South Korea, Australia, New Zealand indexes near multiyear highs
Asian stocks were mostly higher as 2017's last trading day progressed, with Japan rebounding some from weakness late Thursday and tech names in the region continuing to recover from early-week selling.
After a slide in the dollar sent Japanese equities falling into the close Thursday, the Nikkei finished morning trading up 0.3%, even as the dollar was recently down at session lows around Yen112.70, versus Yen112.95 earlier in the morning. Trading houses and metals firms rose more than 1% Friday.
Still, the index will notch a sixth-straight yearly gain thanks to the surge from September to November; the Nikkei is up 19% for 2017.
Meanwhile, the dollar has been finishing the year the same way it has spent much of 2017: under pressure. Against the euro, it will fall for the first time in four years; it is down 12% versus the common currency.
Coming off the back of strong moves in 2017, potential market risks next year include the leadership change at the Federal Reserve and the impact of the U.S. tax overhaul.
But geopolitical risks remain on the back burner. That is "the logical way for the market to be," said Ric Spooner, CMC Markets' chief market analyst. "The risks are not particularly clear or present at this stage, and there are a lot of maybes."
One of the few trading themes in recent days was fresh start-of-week selling in technology stocks on concern about iPhone sales. The sector rebounded Thursday and continued to do so on Friday morning, with Taiwan's Taiex up an additional 0.7%. The island is home to a number of Apple (AAPL) suppliers, and index heavyweight Taiwan (2330.TW) limbed 1.6%.
New Zealand's stock market has closed for the year, with the NZX-50 falling 0.1% in a half day of trading. It rose 22% this year.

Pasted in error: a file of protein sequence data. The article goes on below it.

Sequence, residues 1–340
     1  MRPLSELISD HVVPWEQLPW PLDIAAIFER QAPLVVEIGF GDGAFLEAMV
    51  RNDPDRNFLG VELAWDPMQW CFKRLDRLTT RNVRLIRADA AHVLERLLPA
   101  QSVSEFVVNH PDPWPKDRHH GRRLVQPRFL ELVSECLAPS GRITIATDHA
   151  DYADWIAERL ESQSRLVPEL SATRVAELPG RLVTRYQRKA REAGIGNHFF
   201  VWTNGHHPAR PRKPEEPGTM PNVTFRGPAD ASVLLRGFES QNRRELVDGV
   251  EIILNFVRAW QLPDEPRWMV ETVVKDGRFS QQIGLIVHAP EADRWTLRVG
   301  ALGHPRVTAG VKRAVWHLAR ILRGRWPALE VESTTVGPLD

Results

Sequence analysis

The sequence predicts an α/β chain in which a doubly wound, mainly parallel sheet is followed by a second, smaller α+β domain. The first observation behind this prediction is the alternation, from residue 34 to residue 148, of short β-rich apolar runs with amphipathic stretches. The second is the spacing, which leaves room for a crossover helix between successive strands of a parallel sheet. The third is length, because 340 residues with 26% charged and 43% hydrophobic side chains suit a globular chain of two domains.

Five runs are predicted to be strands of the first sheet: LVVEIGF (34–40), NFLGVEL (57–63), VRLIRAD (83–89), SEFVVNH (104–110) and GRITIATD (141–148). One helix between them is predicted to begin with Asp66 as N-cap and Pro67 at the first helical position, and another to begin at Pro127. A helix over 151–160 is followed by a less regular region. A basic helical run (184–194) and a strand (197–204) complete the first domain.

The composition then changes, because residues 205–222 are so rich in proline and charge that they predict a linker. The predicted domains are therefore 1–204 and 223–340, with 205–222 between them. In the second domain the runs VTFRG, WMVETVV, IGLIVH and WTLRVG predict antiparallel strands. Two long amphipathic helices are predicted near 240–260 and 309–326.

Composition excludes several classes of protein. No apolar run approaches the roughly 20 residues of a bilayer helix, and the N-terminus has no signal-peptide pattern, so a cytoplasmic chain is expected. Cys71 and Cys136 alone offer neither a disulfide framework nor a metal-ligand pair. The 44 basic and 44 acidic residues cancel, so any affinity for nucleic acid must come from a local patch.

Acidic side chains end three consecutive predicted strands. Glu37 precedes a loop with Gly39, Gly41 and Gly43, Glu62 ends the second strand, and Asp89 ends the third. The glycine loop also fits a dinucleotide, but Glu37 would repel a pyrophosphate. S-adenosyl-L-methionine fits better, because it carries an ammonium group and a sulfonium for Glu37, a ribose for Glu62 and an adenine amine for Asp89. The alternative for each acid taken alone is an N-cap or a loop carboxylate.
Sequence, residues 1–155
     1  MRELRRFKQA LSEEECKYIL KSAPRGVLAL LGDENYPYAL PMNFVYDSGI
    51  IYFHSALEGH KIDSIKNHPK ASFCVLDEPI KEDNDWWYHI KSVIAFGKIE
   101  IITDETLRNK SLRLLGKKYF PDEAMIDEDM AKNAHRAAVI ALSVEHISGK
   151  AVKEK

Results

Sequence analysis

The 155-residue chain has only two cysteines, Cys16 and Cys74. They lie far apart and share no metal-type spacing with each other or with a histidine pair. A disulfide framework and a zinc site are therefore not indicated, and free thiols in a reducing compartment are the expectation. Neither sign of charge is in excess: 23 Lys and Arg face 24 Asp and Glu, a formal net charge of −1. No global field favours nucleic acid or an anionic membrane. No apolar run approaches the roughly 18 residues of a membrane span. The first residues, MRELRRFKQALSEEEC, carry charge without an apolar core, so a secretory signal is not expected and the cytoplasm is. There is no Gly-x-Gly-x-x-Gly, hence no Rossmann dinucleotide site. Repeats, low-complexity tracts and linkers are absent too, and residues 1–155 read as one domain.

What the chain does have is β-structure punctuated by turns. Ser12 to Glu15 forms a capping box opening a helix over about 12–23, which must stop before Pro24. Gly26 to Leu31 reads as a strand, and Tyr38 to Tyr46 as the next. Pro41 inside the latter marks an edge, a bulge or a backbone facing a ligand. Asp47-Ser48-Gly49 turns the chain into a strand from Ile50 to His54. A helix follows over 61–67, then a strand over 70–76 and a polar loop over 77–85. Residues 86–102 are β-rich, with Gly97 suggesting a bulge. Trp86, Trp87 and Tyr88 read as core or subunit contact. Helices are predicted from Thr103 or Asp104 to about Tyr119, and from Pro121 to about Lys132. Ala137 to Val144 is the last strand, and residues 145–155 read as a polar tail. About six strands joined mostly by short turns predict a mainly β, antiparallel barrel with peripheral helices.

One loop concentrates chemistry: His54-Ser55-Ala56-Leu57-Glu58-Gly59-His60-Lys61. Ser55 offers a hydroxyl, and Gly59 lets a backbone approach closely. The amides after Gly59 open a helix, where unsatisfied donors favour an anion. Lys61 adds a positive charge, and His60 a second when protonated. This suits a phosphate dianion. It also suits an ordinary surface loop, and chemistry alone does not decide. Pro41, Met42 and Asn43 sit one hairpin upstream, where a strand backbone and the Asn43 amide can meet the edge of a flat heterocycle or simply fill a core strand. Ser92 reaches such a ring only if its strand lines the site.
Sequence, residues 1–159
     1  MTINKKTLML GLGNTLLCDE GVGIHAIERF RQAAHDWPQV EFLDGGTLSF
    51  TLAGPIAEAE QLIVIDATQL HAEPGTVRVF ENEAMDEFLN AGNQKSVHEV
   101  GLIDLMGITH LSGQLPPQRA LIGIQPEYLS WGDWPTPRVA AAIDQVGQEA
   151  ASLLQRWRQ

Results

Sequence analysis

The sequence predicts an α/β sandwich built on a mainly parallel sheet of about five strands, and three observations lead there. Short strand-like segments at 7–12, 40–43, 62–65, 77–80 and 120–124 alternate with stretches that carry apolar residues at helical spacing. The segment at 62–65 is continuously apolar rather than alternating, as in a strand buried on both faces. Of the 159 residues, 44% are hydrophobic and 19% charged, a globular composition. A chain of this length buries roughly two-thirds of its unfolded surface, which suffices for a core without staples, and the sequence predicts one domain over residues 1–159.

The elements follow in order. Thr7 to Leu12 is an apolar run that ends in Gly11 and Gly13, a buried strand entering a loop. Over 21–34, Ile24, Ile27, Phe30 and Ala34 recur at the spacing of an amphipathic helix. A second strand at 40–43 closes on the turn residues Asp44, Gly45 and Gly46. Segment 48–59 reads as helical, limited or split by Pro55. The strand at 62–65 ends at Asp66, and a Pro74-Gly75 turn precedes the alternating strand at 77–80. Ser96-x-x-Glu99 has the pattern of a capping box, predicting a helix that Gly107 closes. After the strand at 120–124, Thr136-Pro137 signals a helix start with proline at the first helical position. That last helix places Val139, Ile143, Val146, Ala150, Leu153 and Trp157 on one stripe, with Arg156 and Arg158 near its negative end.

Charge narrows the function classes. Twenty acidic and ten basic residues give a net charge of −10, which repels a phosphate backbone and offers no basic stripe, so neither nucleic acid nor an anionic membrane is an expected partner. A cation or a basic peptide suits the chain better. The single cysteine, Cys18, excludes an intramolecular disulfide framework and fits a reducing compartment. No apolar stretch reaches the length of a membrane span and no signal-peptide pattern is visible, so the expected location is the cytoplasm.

Australian stocks pulled back from 10-year highs as the year's final trading day began, and the S&P/ASX 200 was recently down 0.3% despite fresh multiyear highs for mining heavyweights BHP Billiton (BHP.AU) and Rio Tinto (RIO) , as stocks of the country's large banks dropped.
The Australian index is up 7% this year, set for the fifth gain in six years, and 2017's performance is a favorable result "relative to where expectations for index returns were" to start 2017, said Chris Weston, an analyst at IG. Tech and health-care stocks have performed well this year, and commodities names have had a strong past few months, suggesting "investors and traders are happy to hold these names going into 2018," he added.
Elsewhere, South Korean markets were closed Friday. The Kospi stock benchmark climbed 22% in 2017, its best year since 2010. And Indonesia's JSX index jumped another 0.7% early, putting it on pace for its ninth record closing high in the past 10 sessions. It has climbed 20% this year.
Oil futures, meanwhile, were building on Thursday gains in the U.S. after starting softly in Asia on Friday. The U.S. and global benchmarks were each up 0.5% recently.
Bitcoin also saw a morning rally, climbing toward $15,000, according to CoinDesk, after spending much of the past day capped at $14,500 and falling as low as $13,500.
(END) Dow Jones Newswires
December 28, 2017 22:56 ET (03:56 GMT)